I'm saddened by the news of the passing of James Lovelock.
I remember first reading about the Gaia Hypotheses when I was doing my Masters degree. It spoke it me and really solidified a lot of my thinking about the environment and our place in it. There's something very viseral about it.
It was considered pretty wishy-washing when he first started writing about it, but it's very much part of standard scientific thought now.
Of course it helped him realise the impending doom caused by our reliance on fossil fuels well before most of us. If only we'd listened better earlier.
For one reason or another, his advocacy of shifting to nuclear power to reduce our reliance on fossil fuels came to mind recently. At the time I was disappointed - nuclear power is such a bogey man for many of those concerned about the environment.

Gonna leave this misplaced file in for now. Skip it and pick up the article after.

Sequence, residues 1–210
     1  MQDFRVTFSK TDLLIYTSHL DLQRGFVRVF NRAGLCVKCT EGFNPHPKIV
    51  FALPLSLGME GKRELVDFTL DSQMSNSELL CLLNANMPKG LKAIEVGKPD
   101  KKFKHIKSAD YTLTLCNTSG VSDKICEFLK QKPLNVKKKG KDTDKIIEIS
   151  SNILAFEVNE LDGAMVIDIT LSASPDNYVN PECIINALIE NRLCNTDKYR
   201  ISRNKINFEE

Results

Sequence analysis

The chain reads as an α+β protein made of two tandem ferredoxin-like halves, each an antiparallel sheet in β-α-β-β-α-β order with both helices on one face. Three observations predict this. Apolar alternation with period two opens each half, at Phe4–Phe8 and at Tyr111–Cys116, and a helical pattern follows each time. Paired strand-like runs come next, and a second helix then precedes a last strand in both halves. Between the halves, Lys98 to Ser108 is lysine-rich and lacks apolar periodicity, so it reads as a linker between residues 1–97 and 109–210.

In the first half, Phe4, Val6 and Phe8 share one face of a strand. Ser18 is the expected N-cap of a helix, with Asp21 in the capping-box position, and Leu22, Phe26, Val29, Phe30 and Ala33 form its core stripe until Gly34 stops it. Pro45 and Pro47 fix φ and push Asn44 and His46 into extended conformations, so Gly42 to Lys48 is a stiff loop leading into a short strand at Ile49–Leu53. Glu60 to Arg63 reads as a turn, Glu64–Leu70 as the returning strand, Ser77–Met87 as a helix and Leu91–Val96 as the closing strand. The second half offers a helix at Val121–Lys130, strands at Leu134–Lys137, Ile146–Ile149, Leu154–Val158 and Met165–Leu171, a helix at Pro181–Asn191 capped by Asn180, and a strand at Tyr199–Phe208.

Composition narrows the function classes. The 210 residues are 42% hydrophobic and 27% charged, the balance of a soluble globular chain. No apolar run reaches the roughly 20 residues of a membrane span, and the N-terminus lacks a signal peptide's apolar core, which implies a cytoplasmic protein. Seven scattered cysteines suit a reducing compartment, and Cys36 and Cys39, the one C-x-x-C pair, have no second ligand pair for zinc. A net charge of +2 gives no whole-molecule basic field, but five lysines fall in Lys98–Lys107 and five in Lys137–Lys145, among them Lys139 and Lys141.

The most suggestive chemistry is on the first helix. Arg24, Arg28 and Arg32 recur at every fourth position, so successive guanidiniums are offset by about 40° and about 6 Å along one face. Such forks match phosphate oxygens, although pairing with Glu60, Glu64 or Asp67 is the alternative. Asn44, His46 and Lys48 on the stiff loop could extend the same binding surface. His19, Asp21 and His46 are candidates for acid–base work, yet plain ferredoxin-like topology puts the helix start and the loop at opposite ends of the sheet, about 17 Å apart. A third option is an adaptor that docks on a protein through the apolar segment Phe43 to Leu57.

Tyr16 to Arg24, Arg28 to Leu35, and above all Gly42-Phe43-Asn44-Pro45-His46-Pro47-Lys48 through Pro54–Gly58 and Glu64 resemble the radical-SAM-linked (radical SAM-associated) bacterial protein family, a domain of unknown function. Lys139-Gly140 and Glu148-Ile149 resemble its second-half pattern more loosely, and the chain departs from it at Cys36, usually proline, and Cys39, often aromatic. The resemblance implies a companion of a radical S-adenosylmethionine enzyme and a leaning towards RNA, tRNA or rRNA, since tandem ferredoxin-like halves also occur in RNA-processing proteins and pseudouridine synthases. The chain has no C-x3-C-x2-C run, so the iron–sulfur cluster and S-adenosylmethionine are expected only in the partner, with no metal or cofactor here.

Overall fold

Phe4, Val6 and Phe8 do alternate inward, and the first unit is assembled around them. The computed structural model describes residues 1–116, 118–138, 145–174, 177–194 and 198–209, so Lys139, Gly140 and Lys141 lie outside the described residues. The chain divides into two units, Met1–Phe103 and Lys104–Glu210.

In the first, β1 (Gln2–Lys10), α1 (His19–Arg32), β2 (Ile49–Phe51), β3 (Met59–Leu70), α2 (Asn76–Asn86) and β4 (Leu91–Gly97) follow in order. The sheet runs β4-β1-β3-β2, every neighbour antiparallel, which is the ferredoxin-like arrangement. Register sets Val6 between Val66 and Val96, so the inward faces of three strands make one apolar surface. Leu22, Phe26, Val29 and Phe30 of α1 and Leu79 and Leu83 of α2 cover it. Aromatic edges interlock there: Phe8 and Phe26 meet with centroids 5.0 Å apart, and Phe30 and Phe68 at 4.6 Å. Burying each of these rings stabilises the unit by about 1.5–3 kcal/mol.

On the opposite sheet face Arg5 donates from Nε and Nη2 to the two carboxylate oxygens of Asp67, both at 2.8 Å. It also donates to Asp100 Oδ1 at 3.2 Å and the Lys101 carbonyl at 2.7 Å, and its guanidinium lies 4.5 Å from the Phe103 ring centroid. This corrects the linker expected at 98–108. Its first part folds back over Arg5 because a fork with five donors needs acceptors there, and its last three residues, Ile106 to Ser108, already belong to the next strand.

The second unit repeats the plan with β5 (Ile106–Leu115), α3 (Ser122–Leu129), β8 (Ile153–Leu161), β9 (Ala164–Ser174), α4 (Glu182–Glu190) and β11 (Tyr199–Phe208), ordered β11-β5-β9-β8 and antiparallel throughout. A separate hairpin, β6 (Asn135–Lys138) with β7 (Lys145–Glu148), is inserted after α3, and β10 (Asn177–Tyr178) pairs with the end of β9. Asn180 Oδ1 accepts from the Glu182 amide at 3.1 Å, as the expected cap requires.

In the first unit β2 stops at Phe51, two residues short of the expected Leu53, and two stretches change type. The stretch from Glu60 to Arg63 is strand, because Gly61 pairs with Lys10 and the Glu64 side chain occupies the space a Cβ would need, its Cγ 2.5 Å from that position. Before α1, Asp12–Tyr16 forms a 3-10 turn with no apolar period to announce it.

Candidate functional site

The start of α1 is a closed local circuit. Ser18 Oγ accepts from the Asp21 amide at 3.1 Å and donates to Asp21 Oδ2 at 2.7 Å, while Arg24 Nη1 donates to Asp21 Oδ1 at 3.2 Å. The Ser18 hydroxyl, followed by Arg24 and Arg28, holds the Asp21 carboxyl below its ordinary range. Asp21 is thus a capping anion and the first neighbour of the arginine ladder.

Of course, the opportunity to shift to nuclear power has long since passed (and other technologies have considerably improved). We can't get nuclear generators up and running quick enough to have any meaningful impact on climate change. It occured to me that if we had taken his suggestion at the time, then perhaps we could have nuclear reactors up and running by now and be producing a lot less CO2.
I'm still not a fan of nuclear power, but it is starting to feel like a better option than to be sitting with a dooms day clock dangerously close to midnight.
The New York Times has a wonderful obituary.
He delighted in being candid, blunt, deliberately provocative and incautious.